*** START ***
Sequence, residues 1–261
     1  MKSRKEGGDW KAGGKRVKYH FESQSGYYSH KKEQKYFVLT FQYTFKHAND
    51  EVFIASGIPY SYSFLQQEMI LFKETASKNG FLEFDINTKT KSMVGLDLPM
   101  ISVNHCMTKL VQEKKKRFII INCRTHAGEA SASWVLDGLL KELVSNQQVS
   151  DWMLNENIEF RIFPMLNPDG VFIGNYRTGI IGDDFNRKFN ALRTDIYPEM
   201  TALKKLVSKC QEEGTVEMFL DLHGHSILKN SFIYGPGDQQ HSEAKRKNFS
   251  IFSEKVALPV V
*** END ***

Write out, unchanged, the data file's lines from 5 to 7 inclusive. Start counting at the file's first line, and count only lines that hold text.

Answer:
   151  DWMLNENIEF RIFPMLNPDG VFIGNYRTGI IGDDFNRKFN ALRTDIYPEM
   201  TALKKLVSKC QEEGTVEMFL DLHGHSILKN SFIYGPGDQQ HSEAKRKNFS
   251  IFSEKVALPV V